A Rumpus Poetry Book Club selection.

“Arising from the history of obstetrics, midwifery, and the many possible experiences of childbirth, these lush and harrowing poems astonished me the moment I encountered them. … Hoffman creates one beautiful inhabitation after another, each a feat of dizzying perspective and musical dexterity. I have not encountered such a moving and terrifying collection of poems in years.”
—Kevin Prufer

“Sometimes dark, sometimes tender, always surprisingly imaginative. … [Paper Doll Fetus] explores pregnancy and childbirth in entirely unexpected ways.”
Library Journal

“This book fascinates, surprises, engages, and enlightens on well-trodden subject matter; it is an achievement among contemporary project books. … This book ups the game.”
Foreword Reviews

“Through the use of multiple perspectives and probing repetitions, Hoffman demands that her reader confront his or her own delicate origin and inevitable demise.”



Winner of the 2013 Gold Line Press Poetry Chapbook Competition

Cynthia Marie Hoffman’s poetry chapbook explores memory, family history, loss, and selfhood through a hypnotic and airtight series of prose poems whose focus and singularity bloom from every page. Hoffman’s finely honed powers of observation and personal prophecy propel this collection to a stunning conclusion that readers will not soon forget.

Her Human Costume, composed of twenty-six interlaced prose poems, unfolds, refolds, transforms like deft colorful origami. Quietly and intently passionate, with images that surprise and disturb, dense quick cuts make these poems sizzle. The whole builds, a learning of the alphabet, the birth of a child, the trauma of a family—domestic scenes displaced to an ethereal other world, one where “real” sheds its costume to show its other costumes, the contingent forms of our earthly habitations brought into taunting, flickering illumination.”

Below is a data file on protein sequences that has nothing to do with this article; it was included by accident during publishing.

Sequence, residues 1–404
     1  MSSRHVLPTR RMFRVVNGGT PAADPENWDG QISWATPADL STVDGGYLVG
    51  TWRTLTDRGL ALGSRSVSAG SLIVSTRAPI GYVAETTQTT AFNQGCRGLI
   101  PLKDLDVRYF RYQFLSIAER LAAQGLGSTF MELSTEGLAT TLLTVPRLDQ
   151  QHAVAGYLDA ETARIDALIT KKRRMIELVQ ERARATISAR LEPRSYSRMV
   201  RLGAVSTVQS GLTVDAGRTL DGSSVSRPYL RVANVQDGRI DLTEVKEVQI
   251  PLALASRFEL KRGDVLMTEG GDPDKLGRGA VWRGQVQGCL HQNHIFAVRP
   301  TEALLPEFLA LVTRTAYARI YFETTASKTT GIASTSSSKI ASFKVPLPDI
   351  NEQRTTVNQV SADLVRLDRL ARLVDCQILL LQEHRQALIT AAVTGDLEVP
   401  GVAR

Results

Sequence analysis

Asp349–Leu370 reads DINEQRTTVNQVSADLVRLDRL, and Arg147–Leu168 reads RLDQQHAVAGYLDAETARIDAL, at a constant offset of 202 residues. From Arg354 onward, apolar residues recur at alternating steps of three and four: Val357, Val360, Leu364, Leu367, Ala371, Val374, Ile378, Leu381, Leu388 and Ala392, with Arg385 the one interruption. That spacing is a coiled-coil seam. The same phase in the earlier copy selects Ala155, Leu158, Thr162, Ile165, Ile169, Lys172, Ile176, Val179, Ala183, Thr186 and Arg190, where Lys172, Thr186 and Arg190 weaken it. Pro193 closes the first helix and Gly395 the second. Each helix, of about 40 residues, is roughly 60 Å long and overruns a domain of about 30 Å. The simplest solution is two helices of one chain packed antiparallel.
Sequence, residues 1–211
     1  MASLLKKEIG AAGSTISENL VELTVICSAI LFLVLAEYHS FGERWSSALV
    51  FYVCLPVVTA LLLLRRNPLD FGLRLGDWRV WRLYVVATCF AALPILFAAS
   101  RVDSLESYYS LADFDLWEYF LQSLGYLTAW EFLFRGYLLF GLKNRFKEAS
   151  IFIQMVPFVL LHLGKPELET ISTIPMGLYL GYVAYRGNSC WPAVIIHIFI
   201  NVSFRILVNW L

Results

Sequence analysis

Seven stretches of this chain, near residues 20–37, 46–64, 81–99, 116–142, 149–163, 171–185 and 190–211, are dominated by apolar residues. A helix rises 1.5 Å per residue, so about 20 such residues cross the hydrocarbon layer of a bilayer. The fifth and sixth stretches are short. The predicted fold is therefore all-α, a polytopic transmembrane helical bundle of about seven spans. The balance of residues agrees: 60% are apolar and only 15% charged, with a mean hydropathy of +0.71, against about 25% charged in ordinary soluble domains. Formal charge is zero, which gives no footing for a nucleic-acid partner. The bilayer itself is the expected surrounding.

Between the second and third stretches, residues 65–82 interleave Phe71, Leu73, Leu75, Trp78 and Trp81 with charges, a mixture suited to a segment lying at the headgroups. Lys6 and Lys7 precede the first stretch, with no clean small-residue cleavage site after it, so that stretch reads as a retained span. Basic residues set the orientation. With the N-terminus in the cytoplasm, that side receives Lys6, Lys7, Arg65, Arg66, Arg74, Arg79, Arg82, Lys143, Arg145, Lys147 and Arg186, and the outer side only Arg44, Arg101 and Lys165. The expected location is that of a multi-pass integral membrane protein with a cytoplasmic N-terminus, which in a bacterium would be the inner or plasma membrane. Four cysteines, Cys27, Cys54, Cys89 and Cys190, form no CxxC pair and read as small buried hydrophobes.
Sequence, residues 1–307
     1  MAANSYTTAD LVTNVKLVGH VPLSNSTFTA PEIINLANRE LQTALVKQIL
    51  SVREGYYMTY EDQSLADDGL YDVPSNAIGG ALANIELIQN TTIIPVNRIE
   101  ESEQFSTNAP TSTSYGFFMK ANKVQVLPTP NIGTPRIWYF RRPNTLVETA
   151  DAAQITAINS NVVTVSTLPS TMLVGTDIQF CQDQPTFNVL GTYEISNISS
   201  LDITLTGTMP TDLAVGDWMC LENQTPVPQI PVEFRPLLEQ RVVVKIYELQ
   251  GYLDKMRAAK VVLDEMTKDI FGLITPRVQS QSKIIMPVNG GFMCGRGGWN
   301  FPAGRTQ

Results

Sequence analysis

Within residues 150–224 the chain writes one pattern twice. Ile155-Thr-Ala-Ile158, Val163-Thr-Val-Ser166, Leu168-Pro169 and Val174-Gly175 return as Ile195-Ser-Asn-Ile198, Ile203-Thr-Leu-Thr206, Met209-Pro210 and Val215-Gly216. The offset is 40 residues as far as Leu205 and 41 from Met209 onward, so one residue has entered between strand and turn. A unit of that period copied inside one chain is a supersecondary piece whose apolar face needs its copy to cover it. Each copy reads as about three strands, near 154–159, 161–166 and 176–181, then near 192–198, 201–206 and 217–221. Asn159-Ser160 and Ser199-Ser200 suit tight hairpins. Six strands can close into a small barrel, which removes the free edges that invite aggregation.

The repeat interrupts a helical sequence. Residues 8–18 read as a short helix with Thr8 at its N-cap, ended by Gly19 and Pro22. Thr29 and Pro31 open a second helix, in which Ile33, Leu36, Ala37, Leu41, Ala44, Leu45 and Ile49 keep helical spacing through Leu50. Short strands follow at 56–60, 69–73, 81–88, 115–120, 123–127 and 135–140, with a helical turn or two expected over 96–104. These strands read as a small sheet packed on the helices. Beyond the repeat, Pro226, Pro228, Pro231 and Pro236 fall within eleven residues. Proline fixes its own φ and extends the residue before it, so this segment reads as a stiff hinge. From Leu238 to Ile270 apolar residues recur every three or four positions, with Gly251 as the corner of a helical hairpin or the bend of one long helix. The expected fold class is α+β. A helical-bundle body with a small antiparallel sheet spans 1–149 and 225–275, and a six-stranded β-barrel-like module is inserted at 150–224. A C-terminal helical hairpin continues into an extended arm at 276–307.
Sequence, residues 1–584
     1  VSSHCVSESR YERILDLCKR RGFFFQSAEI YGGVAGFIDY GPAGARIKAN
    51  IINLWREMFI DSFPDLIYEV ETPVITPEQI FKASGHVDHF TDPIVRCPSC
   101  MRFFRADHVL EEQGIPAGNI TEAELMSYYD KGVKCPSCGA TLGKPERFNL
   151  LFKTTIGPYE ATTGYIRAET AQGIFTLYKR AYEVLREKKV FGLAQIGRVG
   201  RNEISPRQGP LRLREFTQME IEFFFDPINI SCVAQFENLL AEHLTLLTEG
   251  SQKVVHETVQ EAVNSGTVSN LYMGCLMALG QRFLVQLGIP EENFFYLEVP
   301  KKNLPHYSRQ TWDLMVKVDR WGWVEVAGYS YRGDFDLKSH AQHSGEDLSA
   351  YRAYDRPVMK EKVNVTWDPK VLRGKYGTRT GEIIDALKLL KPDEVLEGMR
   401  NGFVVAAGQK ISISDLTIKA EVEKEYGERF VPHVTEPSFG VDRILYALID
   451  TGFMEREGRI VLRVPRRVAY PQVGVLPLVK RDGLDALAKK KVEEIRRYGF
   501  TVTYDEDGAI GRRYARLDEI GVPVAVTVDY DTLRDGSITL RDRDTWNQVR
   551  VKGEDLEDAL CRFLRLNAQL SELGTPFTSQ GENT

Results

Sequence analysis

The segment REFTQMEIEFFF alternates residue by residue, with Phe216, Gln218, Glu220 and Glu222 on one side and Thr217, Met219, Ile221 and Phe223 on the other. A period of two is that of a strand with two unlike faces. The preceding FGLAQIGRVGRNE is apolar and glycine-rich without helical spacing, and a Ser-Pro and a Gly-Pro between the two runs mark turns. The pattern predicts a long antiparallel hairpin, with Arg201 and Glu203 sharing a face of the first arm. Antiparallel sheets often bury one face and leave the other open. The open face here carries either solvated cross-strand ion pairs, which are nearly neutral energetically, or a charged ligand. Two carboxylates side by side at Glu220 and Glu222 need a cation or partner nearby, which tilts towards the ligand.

–Susan McCabe

“The intimacy of the female subjects is so tightly woven that one scarcely notices the absence of conscious masculine influence. The world depicted by Hoffman of a quiet life lived by related women is a universe of its own complete with tenderness, confusion, longing, joy, wistfulness, nostalgia, and grief.”
Eleven Eleven




Winner of the 2010 Lexi Rudnitsky First Book Prize in Poetry

Sightseer is that rarity: a first book so mature, so intelligent, so wittily and deftly written that it seems not to be a first book at all.”
—Carolyn Forché

“Part travelogue, part epistle, and part reclamation of the very idea of tourism. Sightseer is a powerful collection of poems that makes a subtle and profound argument about the nature of travel, dislocation, and belonging.”
The Rumpus

“Hoffman’s genius for the visual—the tourist’s eye turned poet’s eye—manifests itself in every poem. … [Yet] Sightseer is not just an image-rich and beautiful book but a socially aware book, wisely and subtly political.”
On the Seawall

“Hoffman’s ability to conjure lovely images is enough in itself to read Sightseer. Individually, the pieces gleam like ‘a brilliant whorl of petals set to spinning.’ Read together, however, these poems construct a book of immense historic and personal power.”
Chiron Review

An unforgettable, revelatory experience.
—Erika Meitner